A large part of what I read concerning freelance writing inevitably touches on the subject of rates, and for good reason. After all, we writers love what we do but we also do it to get paid, not as a charity (although some clients might not yet have pieced this together).
I am all for earning a decent rate for the work you do, regardless of your profession. I completely understand that working for a low rate is not the preferable option. I mean let’s face it, if someone offered you $20 an hour or $8 an hour which would you take? That’s rhetorical, everyone would choose $20.
But when it comes to freelance writing, I feel like many people are given some poor advice. Namely, that advice goes something like this: “Don’t you dare work for anything less than $X/article and X per word because you’re worth more than that and those fees are pitiful.”
This is usually followed up with a “and don’t ever work for content mills”.
Yeah, I know, this seems to be totally contradictory to what I’ve said before about not working for a low rate. I still don’t think you should settle for it permanently, but I’ve had a change of heart and I’ve been thinking about things in the freelancing world – from my observatory standpoint – and I have a slightly different outlook on it.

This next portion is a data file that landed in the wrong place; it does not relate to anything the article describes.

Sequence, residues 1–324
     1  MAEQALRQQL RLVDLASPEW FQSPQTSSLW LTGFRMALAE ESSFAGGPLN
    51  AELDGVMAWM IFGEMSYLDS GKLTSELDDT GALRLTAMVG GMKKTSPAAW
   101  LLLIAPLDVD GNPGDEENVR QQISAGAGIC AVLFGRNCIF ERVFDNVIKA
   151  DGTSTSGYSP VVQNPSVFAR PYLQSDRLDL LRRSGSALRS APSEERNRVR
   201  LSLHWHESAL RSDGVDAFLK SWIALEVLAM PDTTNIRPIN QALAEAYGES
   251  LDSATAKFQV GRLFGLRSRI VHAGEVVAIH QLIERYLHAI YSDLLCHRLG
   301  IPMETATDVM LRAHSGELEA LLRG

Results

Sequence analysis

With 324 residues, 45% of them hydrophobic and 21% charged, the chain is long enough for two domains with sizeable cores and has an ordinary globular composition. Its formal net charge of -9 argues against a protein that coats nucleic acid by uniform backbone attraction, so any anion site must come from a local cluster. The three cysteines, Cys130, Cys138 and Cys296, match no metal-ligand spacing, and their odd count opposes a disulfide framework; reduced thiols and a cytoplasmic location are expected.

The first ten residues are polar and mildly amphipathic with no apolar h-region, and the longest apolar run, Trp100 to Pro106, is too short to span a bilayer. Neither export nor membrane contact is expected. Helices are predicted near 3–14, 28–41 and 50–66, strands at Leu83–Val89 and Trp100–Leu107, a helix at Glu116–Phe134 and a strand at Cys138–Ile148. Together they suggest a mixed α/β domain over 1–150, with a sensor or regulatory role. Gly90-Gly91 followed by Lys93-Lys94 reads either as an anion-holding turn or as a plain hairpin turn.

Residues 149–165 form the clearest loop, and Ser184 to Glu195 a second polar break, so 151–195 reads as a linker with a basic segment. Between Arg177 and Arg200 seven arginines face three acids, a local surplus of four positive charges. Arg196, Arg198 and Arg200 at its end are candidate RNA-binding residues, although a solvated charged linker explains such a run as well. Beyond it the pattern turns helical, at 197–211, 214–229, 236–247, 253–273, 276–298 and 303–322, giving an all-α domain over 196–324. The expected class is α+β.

Okay, it’s no secret, content mills pay almost nothing – like a cent per word to two cents per word and, if they’re really high end, 4 or 5 cents per word, maybe more. That’s a horrible rate, I wouldn’t argue that at all. Most corporate clients will pay you at least $50 per shorter article, sometimes more, and even selling on places like Constant Content you can earn $0.10 per word, which isn’t horrible. At least not to me.
If you have the option to write for magazines or write for corporate clients at $1/word or $50 an article, by all means don’t bother with sites like Textbroker. But I have to say, this attitude that somehow because you create words for a living you should never under any circumstances work for a content mill is a bit absurd.
Now before you all go throw your coffee at the computer screen and scoff in haughty derision, let me explain why I say this.
Magazines and corporate clients are obviously the way to go if you can get the work, and I think you should actively cold call corporate clients (gasp, I know) and query magazines daily. I wouldn’t, if you want to make a full-time living as a freelancer and still have a life, suggest that you base your entire livelihood on content mills forever.
However, consider that magazines have an average turnaround time of, oh, 2 to 3 months to respond to your query. And that’s usually only if they want your story or want to offer a nice rejection with the “please pitch us more ideas” clause. Then you usually have what, a month or so from what I hear, to write the story. And, if they pay on acceptance, you have been paid but if they pay on publication that could be another six months for all you know before you actually get paid.
Corporate clients are kind of the same way. Once you get a few that need continual content, great. But while you’re prospecting like crazy and querying, how are you making…well, income?